It’s a rich and complex story filled with lots of telling details.
            We tend to have very positive feelings about Samaritans thanks mostly to the Parable of the Good Samaritan. But, Jews of the First Century would not have felt so positively about the Samaritans.
            The Samaritans were descended from the old northern kingdom of Israel that had been destroyed back in the early 700s BC. But they had intermingled with other people and that made them, in the eyes of the Jews, no longer really part of the family.
            Although split off from the Jews, the Samaritans continued to follow the Pentateuch – the first five books of the Bible. But they didn’t recognize the Temple in Jerusalem instead worshiping God on Mount Gerizim. That was another source of friction with their Jewish cousins.
            So, here’s Jesus cutting through Samaria on his way from Judea back home to Galilee. It’s likely that Jews in Samaria would have kept a low profile, trying to avoid any encounters with Samaritans. And the feeling was probably mutual.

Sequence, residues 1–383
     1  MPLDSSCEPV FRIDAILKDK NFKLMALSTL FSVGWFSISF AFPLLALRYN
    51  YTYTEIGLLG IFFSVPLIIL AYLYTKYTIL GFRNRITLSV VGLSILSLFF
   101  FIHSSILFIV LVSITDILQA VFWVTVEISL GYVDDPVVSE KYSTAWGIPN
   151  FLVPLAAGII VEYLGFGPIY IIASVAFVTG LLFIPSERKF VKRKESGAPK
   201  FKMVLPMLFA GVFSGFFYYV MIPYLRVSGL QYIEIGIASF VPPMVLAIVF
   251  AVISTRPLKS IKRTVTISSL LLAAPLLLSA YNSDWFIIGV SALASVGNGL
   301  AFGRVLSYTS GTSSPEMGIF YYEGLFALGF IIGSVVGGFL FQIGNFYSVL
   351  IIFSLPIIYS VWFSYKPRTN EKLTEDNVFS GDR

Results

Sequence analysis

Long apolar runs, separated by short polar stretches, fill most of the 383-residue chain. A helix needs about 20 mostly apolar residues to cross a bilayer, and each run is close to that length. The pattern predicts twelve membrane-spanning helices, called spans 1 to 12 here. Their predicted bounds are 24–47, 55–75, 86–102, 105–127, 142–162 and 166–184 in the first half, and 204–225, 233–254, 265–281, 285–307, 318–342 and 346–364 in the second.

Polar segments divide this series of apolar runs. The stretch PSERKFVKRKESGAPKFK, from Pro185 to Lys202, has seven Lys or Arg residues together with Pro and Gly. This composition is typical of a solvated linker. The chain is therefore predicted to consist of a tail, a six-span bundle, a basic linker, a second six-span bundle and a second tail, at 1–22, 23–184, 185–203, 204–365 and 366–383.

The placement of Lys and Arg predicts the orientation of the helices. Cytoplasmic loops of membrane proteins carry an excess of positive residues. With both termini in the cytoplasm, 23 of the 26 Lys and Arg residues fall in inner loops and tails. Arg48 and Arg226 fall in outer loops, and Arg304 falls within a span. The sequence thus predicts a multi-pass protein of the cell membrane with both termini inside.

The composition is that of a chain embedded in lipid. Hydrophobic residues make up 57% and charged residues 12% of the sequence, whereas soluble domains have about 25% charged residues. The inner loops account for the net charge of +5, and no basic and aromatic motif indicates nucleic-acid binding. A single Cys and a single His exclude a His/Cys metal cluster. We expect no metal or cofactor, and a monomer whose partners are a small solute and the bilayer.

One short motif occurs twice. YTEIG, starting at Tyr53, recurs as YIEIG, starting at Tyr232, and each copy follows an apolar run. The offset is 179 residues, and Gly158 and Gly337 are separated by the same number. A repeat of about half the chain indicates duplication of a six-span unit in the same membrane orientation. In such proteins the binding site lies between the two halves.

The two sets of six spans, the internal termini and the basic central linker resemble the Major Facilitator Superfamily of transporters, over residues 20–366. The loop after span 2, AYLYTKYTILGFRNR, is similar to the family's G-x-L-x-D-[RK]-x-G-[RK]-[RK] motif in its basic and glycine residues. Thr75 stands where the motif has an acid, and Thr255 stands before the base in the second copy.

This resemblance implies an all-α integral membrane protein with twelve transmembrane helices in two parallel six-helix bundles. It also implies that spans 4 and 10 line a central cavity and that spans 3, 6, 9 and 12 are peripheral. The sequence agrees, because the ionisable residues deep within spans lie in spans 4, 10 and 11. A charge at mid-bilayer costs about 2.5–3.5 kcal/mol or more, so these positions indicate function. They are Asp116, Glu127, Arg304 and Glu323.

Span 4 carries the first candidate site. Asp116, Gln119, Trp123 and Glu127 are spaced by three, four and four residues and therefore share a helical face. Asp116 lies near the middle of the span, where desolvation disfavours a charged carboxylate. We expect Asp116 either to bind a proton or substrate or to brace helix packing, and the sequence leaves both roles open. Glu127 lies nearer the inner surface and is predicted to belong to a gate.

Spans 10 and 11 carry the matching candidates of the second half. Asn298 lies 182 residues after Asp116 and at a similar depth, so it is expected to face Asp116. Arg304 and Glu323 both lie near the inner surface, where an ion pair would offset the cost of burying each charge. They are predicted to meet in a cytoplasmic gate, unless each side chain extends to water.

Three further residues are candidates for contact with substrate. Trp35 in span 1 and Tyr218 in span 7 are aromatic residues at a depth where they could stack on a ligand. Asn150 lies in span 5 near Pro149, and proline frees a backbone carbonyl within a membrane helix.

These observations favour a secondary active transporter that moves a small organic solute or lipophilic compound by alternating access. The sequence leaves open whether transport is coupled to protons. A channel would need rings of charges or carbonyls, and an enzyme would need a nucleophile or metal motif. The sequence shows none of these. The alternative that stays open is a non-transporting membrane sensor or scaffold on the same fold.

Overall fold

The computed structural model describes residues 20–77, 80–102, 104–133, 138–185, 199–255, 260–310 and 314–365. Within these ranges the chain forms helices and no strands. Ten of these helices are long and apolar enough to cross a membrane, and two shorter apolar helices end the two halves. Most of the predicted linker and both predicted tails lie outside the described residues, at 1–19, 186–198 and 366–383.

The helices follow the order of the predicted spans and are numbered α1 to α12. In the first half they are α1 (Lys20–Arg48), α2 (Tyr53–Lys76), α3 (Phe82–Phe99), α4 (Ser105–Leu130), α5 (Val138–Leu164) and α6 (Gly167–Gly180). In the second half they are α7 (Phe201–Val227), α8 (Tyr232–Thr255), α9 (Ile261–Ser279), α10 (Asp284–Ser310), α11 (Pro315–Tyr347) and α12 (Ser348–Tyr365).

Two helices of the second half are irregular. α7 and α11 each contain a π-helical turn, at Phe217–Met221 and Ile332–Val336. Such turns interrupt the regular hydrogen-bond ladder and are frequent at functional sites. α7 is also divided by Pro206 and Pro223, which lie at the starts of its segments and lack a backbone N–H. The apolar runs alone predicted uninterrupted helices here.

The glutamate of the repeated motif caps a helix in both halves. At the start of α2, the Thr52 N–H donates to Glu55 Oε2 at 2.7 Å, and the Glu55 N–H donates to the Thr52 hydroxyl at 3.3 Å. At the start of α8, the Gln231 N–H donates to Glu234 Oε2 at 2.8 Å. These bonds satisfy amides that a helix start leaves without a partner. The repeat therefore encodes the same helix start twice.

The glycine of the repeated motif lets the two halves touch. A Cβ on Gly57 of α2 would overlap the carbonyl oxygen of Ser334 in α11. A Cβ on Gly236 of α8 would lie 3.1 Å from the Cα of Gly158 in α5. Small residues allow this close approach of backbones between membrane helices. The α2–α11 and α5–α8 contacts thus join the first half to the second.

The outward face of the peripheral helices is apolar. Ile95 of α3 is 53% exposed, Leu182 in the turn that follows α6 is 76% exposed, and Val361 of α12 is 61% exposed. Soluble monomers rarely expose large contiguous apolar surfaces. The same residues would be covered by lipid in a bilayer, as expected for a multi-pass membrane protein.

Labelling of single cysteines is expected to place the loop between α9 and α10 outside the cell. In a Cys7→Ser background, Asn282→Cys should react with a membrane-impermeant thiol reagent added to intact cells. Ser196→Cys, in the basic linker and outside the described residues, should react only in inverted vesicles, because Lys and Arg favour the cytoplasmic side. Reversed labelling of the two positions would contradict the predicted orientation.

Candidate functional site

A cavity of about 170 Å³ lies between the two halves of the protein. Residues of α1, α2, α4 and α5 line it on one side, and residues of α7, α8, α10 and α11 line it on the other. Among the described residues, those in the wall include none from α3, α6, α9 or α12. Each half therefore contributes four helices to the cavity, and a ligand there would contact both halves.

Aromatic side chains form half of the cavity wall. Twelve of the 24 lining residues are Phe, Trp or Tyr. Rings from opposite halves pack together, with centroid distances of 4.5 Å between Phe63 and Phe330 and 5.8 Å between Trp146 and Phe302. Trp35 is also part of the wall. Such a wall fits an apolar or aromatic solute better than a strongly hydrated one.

Anyway, Jesus sends the disciples to go buy food, sits at the well to rest, and when a Samaritan woman approaches, he speaks to her, “Give me a drink.”
            We aren’t told her name but if we pay attention to the details we learn some important things about this woman. Notice we’re told that the encounter she has with Jesus at the well took place around noon. Doesn’t make much sense to draw water from a well in the middle of the day – the hottest part of the day. And where’s everybody else? They drew their water in the morning or will be there later in the evening.
            So, the woman is alone at the well. And in her conversation with Jesus we learn that she has had a rather complicated, apparently difficult life. She says she has had five husbands and the one she has now isn’t her husband. Hmm.
            Jesus does not condemn the woman but it’s fair to assume that this complicated personal life has made her an outcast in her community – an unimportant, maybe even despised, person who chooses – or is forced - to draw water from a well in the middle of the day when no one else is around.